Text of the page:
The tax cut is set to be portrayed as part of the Government's "levelling up" agenda, but it will raise eyebrows about the UK's climate policy, especially ahead of the COP26 summit next week.

07:46 AM

Robert Jenrick: There are reasons for optimism

Robert Jenrick Budget 2021 - Wiktor Szymanowicz/Barcroft Media via Getty Images
Robert Jenrick Budget 2021 - Wiktor Szymanowicz/Barcroft Media via Getty Images

Tory MP Robert Jenrick has said there are "reasons for optimism" ahead of today's Budget, where we will hear revised forecasts from the Office for Budget Responsibility.

The former housing secretary said better-than-expected growth and unemployment figures will "give the Chancellor some room" when he unveils his spending plans this afternoon.

He told Sky News: "We are all going to be better off - OBR forecasts will show the economy has grown substantially, therefore we are borrowing less as a country and can invest more in services that we all depend on like the NHS.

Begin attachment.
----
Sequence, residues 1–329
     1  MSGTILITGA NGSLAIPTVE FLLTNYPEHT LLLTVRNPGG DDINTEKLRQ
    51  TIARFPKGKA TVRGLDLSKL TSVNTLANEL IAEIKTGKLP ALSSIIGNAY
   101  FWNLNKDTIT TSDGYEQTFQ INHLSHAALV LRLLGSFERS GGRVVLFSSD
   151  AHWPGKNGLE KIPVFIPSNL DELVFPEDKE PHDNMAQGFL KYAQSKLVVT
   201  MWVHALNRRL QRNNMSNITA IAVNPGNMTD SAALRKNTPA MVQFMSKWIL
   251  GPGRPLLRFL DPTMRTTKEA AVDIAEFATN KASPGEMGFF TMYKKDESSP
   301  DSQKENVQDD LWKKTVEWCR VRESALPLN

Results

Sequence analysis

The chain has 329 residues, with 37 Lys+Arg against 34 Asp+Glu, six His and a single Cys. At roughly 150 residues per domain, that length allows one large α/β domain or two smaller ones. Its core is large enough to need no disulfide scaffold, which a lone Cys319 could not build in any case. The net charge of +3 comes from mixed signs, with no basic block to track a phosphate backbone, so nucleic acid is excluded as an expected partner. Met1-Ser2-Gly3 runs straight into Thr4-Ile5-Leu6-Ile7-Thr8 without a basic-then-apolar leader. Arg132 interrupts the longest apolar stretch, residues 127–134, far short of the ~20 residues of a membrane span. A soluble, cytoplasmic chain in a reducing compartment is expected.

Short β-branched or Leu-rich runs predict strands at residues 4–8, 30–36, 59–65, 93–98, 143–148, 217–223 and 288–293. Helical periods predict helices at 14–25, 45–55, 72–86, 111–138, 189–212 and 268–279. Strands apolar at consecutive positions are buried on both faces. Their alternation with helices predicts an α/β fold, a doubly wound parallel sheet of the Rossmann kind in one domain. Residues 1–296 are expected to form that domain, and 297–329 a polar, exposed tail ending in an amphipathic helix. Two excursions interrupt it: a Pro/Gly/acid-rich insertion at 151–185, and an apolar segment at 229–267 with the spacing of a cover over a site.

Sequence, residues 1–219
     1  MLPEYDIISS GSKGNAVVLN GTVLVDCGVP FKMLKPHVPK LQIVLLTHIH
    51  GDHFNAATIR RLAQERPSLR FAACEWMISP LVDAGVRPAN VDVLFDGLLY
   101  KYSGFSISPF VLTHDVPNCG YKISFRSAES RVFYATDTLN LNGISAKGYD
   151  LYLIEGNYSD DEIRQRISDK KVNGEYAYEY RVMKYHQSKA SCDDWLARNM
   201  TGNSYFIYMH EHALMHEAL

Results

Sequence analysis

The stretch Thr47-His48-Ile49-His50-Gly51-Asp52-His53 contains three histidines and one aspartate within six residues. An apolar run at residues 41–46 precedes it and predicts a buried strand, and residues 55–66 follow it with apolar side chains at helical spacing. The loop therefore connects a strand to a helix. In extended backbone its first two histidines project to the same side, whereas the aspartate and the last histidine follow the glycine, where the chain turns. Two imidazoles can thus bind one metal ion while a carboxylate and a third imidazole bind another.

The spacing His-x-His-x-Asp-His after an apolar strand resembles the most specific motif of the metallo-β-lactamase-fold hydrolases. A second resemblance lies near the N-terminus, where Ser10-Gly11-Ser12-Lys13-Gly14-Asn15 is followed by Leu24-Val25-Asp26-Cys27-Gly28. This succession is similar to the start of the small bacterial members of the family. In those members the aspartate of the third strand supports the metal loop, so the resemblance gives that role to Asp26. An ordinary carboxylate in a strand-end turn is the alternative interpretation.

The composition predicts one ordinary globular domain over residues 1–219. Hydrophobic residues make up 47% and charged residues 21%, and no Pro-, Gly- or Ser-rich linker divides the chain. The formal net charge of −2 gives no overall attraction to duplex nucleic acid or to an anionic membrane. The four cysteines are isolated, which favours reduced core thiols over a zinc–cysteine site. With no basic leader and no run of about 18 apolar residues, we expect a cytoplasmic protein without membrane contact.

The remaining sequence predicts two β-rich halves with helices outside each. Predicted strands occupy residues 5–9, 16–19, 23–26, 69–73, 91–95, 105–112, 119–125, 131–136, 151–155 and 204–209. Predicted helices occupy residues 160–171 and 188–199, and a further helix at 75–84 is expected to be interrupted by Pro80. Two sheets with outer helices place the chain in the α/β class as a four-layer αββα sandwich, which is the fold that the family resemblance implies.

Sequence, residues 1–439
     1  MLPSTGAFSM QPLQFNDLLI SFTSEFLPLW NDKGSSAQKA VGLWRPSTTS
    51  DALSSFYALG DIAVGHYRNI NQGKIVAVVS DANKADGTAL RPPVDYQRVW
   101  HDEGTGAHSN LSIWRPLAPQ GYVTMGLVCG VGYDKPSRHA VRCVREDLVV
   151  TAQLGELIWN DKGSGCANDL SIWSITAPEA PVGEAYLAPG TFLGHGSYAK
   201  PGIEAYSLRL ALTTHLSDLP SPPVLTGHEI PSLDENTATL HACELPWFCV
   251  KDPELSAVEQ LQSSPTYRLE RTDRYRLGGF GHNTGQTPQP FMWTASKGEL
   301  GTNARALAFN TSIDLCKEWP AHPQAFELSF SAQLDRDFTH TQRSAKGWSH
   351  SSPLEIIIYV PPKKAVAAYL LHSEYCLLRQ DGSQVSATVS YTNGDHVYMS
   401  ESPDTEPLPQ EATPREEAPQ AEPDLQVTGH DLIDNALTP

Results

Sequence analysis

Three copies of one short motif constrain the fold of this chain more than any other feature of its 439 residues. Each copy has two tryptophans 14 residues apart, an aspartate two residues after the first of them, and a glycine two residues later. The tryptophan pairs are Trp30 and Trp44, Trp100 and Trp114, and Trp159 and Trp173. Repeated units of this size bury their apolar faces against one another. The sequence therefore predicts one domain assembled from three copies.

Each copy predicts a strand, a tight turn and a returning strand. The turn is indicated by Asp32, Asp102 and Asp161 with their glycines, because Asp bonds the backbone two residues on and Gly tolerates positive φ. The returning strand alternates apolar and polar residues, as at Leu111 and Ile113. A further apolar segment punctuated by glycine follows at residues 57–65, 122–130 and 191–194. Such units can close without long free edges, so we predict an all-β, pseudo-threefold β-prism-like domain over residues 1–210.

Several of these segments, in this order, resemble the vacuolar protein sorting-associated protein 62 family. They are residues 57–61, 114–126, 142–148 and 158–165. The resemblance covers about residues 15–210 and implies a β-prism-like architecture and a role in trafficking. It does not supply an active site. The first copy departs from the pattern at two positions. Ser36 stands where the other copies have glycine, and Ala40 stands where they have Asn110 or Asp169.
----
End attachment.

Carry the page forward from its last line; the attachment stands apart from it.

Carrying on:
"But we also need to think carefully about those on the most modest incomes and help them weather what is undoubtedly going to be a difficult period."

He noted that some risks remain, which required Rishi Sunak to be " fiscally prudent", particularly inflation, with the knock-on consequences of interest rate rises which would be "very costly to the country."

07:37 AM

FTSE risers and fallers

It's a slow start to the day for the FTSE as investors await more details from the Chancellor this afternoon.

The blue-chip index opened 0.1pc lower and is now trading marginally down at 7,270 points, ending a three-day rally.

Miners are the biggest barrier to gains this morning, with Fresnillo leading the fallers, down 2.6pc after delivering a first-half update. Anglo American, Glencore and Antofagasta were also down, tracking lower metals prices.